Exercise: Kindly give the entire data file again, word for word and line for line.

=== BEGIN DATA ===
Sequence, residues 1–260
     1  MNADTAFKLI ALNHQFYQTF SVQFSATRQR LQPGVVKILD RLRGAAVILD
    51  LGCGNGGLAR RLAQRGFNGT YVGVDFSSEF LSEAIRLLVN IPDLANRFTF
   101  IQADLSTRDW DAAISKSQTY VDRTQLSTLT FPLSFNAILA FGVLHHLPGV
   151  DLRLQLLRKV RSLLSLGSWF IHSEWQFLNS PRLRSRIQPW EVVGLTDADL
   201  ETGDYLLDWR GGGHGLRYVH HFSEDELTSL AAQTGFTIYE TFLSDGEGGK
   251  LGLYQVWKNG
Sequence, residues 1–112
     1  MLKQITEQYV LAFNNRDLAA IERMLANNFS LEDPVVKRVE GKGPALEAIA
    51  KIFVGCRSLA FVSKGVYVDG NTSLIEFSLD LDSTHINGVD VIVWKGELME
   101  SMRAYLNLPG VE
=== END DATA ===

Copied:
Sequence, residues 1–260
     1  MNADTAFKLI ALNHQFYQTF SVQFSATRQR LQPGVVKILD RLRGAAVILD
    51  LGCGNGGLAR RLAQRGFNGT YVGVDFSSEF LSEAIRLLVN IPDLANRFTF
   101  IQADLSTRDW DAAISKSQTY VDRTQLSTLT FPLSFNAILA FGVLHHLPGV
   151  DLRLQLLRKV RSLLSLGSWF IHSEWQFLNS PRLRSRIQPW EVVGLTDADL
   201  ETGDYLLDWR GGGHGLRYVH HFSEDELTSL AAQTGFTIYE TFLSDGEGGK
   251  LGLYQVWKNG
Sequence, residues 1–112
     1  MLKQITEQYV LAFNNRDLAA IERMLANNFS LEDPVVKRVE GKGPALEAIA
    51  KIFVGCRSLA FVSKGVYVDG NTSLIEFSLD LDSTHINGVD VIVWKGELME
   101  SMRAYLNLPG VE